At the close of that post we has created a basic object-oriented structure that could manipulate the label or caption of any front panel control or indicator. I want to finish this discussion by looking at how to expand that basic implementation to allow it to set the text properties of text contained inside a control or indicator. For that we will return to our testbed application.

A Brief Recap

It has been a while since we have worked with this code, so a brief refresher on what it does is probably in order. The testbed application we will be modifying consists of several processes that run independently of one another. To begin with, there is a background process that oversees the reporting of errors that occur. Handling the user interface duties, a GUI process incorporates a subpanel that can display the front panels of several simulated acquisition and process-control VIs. The whole thing is kicked off by a launcher VI that loads the various processes into memory and starts them executing.

Our goal here will be to add the drop-in VI we created last time to all the user-facing VIs and add classes as necessary to allow it to handle the controls and indicators on those VIs. However, if you don’t already have a tool for editing database contents directly, you should first download a tool called Database .NET (the link is to a zip file, and is at the bottom of the page). The program is a simple utility that lets you examine and edit database data from a number of different DBMS. I don’t know the folks that wrote this, and have no vested interest in the program other than I have used it for years and found it very useful. Note that this program has no installer so it has a very small footprint – it will even run from a USB stick. To “install” the program, simply create a directory for it on your computer and then drag into it the program that is inside the zip archive you downloaded, and installation is complete. The easiest way to invoke it is to set it as the default application for *.mdb files.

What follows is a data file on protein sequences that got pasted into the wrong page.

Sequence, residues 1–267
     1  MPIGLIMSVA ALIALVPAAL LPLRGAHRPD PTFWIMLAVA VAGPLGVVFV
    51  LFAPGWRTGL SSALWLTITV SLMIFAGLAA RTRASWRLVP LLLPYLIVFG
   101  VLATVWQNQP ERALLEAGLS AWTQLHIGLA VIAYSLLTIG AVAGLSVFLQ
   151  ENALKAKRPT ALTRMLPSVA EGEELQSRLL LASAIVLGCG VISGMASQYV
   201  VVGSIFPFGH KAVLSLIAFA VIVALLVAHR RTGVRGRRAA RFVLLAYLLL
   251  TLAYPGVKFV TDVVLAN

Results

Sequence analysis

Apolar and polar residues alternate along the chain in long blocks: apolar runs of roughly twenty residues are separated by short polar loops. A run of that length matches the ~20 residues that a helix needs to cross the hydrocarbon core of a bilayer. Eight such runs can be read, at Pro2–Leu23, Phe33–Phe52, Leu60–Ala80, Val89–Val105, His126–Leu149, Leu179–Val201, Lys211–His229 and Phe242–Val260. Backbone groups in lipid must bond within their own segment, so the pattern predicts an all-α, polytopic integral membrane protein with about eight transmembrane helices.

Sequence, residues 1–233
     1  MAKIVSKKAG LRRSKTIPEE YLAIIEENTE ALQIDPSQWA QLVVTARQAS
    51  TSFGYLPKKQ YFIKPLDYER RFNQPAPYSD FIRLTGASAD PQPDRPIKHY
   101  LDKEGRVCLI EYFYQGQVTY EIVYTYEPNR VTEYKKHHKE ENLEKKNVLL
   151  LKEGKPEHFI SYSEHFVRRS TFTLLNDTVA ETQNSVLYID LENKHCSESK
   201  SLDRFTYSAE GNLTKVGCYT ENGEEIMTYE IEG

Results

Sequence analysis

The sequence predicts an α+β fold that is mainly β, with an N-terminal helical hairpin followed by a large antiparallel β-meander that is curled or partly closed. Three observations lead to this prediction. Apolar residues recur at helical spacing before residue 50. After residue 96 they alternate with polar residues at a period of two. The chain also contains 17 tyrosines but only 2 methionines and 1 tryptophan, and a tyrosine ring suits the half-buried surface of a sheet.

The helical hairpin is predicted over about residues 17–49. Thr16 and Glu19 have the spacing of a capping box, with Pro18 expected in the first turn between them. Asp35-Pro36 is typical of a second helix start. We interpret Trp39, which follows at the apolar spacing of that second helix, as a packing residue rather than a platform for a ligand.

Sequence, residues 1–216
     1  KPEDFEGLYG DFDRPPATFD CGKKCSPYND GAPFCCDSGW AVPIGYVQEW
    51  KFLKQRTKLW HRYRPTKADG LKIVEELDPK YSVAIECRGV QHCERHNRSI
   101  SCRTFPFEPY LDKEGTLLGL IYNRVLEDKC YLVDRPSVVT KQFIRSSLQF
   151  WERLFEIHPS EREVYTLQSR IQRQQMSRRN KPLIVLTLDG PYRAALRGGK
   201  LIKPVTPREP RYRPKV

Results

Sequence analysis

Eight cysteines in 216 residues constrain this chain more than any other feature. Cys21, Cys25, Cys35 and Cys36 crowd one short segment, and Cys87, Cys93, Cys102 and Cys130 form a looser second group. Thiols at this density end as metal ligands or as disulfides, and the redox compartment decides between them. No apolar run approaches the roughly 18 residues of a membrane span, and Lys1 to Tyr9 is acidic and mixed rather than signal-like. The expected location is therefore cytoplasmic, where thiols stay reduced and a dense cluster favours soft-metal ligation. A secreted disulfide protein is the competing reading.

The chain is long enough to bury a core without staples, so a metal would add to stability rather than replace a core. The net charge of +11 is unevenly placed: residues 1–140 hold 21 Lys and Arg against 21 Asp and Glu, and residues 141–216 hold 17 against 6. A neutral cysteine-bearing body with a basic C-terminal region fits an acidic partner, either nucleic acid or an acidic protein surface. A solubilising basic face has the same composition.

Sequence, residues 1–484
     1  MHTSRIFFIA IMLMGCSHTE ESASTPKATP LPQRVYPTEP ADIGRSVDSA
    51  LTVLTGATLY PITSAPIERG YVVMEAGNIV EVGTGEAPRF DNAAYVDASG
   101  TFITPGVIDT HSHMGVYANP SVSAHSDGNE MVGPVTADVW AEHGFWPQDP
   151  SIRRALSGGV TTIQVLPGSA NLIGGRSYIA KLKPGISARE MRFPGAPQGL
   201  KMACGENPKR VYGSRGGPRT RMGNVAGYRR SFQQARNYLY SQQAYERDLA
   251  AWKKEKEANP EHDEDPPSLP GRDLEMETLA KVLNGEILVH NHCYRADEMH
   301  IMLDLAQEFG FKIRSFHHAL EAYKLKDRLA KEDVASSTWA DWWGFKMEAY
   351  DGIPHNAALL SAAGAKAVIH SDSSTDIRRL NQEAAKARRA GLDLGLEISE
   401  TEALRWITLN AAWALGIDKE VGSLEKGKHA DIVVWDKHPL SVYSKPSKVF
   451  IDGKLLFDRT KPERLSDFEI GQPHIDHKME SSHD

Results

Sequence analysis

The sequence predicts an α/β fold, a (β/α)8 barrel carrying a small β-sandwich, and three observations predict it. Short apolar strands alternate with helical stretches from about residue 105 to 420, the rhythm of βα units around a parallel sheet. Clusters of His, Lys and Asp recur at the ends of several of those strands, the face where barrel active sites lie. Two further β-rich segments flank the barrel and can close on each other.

• Note that if you decide to install this utility in a subdirectory of the Program Files (x86) directory, you may have to play around with the folder permissions a bit before it will run. Because the program generates several temporary files when it’s starting up, the user has to have Full Access to the folder in which it is installed.

One other caveat to bear in mind before we dive into the modifications is that, these operations cannot override limits on these properties that might exist for other reasons. For example, these techniques will not work on controls that you have defined as strict typedefs. The reason: The strict typedef defines everything about the control’s appearance and the property node will throw an error if you try to change them. Likewise, a System-themed control will let you change the font characteristics, but will complain if you try to change colors.

Making With the Modifications

So where do we start? Well the first hing we need to do is to make a couple minor tweaks to the Display Font First, we need to define what happens to the drop-ins errors. Because it’s important to preserve them, we will save the errors that arise in the drop-in to the same location that errors from the testbed application proper are stored – but without bothering the program’s operator. To accomplish that task, let’s reuse a the subVI that the error handling logic uses to store error data.

Drop-in Error Handling

Note that I had to add a case structure because the location where this subVI was originally used only executed if there was an error. So unless we want to have spurious records being posted, we have to add that logic here.